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Since the beginning of the crisis, public transport authorities and operators have been addressing the issue very seriously by: Adapting the transport supply; Scaling and rein­  forcing cleaning and disinfection procedures; Supplying protective equipment to their staff and to passengers; Ensuring staff and passengers comply with health  regulations; Increasing the level of natural ven­  tilation and air renewal; Accelerating the digitalisation and the deployment of IT tools to better monitor their operations;

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Anticipating the number of travelers and occupancy in vehicles to provide real time information to avoid crowds; Arranging contactless payment facilities; and Providing their staff and customers with regular transparent communications.

push buttons and handrails. In addition, air samples are also taken in different locations, making sure the system is as clean as it can be and reducing the potential risks.

Despite all these measures increasing their costs, authorities and operators have demonstrated their adaptability and, above all, a very strong sense of responsibility and commitment towards their staff and the communities they serve4. With a progressive resumption of activities after lockdown, it is imperative to step in with exceptional financial support measures, otherwise the system will collapse.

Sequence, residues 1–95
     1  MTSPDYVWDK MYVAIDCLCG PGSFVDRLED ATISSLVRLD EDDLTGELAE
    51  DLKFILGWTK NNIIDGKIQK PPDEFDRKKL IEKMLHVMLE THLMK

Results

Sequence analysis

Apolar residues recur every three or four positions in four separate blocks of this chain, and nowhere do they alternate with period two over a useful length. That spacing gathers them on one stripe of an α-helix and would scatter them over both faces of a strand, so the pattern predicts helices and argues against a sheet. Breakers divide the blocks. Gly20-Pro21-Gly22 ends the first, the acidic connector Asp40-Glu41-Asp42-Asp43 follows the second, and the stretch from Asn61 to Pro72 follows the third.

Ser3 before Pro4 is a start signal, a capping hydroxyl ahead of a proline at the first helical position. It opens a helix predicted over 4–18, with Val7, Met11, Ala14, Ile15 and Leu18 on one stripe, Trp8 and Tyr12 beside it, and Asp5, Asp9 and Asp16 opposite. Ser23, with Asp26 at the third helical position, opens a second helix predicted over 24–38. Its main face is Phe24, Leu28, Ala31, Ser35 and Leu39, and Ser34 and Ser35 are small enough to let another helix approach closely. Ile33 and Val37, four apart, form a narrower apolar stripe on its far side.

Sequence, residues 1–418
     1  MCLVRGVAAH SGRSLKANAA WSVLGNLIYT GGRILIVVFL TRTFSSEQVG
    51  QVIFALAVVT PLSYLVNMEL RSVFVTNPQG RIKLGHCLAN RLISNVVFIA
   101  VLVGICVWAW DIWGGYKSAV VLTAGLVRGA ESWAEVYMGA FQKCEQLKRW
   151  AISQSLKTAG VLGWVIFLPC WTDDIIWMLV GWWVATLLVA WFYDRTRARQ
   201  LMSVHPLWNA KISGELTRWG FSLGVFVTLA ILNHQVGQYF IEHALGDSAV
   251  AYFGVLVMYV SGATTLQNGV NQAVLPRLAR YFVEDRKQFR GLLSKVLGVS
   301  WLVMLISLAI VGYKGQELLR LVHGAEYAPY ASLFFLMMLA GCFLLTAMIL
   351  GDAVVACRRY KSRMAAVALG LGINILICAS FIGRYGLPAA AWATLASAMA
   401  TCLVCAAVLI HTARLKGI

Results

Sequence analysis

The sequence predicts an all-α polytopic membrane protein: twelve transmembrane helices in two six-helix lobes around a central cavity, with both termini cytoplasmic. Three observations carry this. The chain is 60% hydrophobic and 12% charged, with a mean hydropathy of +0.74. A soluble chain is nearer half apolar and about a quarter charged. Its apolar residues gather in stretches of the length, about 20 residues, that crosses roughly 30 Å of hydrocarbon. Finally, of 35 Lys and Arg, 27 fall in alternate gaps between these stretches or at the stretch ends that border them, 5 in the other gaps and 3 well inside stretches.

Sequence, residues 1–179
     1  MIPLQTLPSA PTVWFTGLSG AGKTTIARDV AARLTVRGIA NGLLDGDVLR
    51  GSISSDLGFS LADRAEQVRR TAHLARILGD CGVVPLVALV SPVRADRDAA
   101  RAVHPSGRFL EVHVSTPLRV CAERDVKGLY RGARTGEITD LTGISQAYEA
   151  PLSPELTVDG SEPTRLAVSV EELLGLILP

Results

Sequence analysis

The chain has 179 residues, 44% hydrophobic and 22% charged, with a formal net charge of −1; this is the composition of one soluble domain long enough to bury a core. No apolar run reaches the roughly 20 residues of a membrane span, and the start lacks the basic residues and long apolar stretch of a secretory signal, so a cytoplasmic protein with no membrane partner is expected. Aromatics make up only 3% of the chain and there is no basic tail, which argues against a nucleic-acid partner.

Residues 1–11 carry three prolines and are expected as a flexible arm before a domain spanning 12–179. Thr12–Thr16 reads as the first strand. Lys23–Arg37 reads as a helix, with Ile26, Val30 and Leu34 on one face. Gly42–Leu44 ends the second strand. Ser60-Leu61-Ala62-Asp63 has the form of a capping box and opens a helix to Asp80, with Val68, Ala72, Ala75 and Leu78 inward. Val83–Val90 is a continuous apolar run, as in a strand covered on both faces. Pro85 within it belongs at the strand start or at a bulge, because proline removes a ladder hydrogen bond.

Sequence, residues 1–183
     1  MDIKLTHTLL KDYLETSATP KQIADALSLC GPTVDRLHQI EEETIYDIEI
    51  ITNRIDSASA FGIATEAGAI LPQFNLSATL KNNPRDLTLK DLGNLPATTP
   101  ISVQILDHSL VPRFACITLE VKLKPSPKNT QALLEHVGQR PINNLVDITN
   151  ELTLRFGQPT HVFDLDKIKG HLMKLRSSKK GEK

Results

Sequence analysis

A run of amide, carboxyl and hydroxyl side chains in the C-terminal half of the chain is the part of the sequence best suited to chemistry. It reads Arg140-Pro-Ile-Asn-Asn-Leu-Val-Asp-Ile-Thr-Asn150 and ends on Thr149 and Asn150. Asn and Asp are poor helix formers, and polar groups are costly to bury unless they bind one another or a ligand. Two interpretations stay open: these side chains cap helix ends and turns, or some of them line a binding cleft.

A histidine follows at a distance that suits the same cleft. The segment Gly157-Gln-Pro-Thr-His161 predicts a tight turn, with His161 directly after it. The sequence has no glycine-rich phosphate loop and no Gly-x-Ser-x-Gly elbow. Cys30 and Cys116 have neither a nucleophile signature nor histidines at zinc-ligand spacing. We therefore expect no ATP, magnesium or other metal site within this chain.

Building on the cumulated experience, planning and operational teams have modelled how the impact of a potential second lockdown would affect their systems, including detailed plans to address these scenarios.


While ensuring the enforcement of all recommendations by the health authorities, public transport systems keep carrying samples involving escalators, doors, card readers,

We all recognise the importance of evidenced-based decisions in relation to all aspects of urban mobility and the impact on quality of life. In terms of safety in relation to Covid-19, there are more and more scientific studies and empirical analysis showing the adept performance of public transport systems in comparison to other public and private places5. To name a few:

© CRTM. Madrid

Robert Koch-Institut (Germany): Data from an article published in the Epidemiological Bulleting 38/2020, 21/08/2020, shows that 0.2% of traceable outbreaks in Germany were linked to transport, and involved fewer people per outbreak than those in frequently affected settings6.

● 4. Check out UITP’s Guardians of Mobility campaign on how our members have kept cities moving during the pandemic. ● 5. UITP, 2020. How does the virus (Covid-19) spread in public spaces? Literature review of scientific research. ● 6.. Robert Koch Institut, 2020. Infektionsumfeld von erfassten COVID-19-Ausbrüchen in Deutschland.


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Public Transport is COVID Safe  

Public Transport is COVID Safe  

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